After doing the above, change the oil every 3K to ensure longevity.


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Not much wrong there! You know when it is knackered as there are big black "cornflakes" in there. Yours is one of the cleanest I have seen.

I hate to be a killjoy, but that's pretty much how mine looked when I had to do the head gaskets at about the same mileage - I stuck it back together and a few thousand miles later the timing gear disintegrated...

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I changed my cam at 125k miles and it was toast so at 142k.... :(

I didn't want to be the profit of doom and mention the rockers and shafts but it does makse sense. Neither did I want to quote the "Geoff" case because I was being sensitive. :ph34r:

Really, if you get the exhaust manifolds undone without too much problems, leave the engine in.

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If its a 3.5, fit a 3.9 cam for a bit of extra oomph. If its a 3.9, fit a 3.9 cam. :D

Fit a Duplex timing chain.

Tappets / Rockers / Shafts - use OEM.

Check the heads for flatness, potentially skim.

Check the tappet clearances / preload (as per RPi site) and buy shim kit just in case.

You can get the kit from RPi (www.v8engines.com) or Real Steel.

Enjoy... :)

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top end overhaul is easily done with engine in place.

check Craddocks and Paddocks for engine spares; if you want the rockers to be the original alloy type (el cheapo aftermartket ones are steel), then you need to get them from rimmer bros; how do I know? I bought up the last ones! :rolleyes:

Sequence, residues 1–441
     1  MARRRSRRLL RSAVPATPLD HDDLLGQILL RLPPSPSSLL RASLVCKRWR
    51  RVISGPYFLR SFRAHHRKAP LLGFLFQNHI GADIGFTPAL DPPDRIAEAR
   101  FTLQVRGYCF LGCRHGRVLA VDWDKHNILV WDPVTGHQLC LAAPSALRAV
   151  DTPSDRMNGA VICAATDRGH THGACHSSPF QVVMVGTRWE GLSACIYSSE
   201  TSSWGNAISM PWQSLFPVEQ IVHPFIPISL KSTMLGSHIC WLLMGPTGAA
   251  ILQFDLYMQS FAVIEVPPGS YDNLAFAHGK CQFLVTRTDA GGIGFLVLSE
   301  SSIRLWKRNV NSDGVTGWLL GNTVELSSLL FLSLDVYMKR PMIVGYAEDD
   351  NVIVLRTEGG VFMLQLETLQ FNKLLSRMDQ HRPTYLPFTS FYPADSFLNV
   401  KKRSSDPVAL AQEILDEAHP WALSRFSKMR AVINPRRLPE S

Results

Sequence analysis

also the the cam gear; I'd avoid the nylon tooth ones.

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Looking at your pictures gives the following observations ……..

1) From the head pictures it appears if gasket sealing compound has been used on the head gaskets.

Were the gaskets tin or composite ?. The use of sealant in this area is a very big no no and could have been done as a cheap fix. Ideally the heads should be skimmed before replacing ……. The trick is to just take enough off so that they are perfectly flat. That job is usually about £30 per pair and needs to be done by a very competent machine shop as there are no right angles (perpendicular faces) to set it up with.

Can you post a picture of the head gaskets ……….. face up …… as this will give an indication of any blowing into the valley …… yet another common problem and the source of all the carbon build up in the valley area.

2) It looks as if the head bolts on the inner and outer rows have been either thread locked or sealed with blue hylomar.

Again this is incorrect and smells of ‘grease monkey’ and I suspect has been done to avoid the usual corrosion problems …………. Ideally, at reassembly these bolt holes in the block should be carefully cleaned and then finally cleared with an air line. The bolt threads should then be lightly oiled. A good mix for these HT steel bolts into the alloy block is a 60/40 mix of EP90 & paraffin…… EP 90 to protect and paraffin is an alloy lubricant.

What it is difficult to quantify is,

1) How long ago were the heads off & for what reason ?

2) What other work was done at the time ?

I would think that these questions are difficult to answer, but further examination may give you more clues as to the health of the engine. If its all genuine ……. at 142K then under normal circumstances the engine is near the end of its useful life & could be restored to good health by a full rebuild.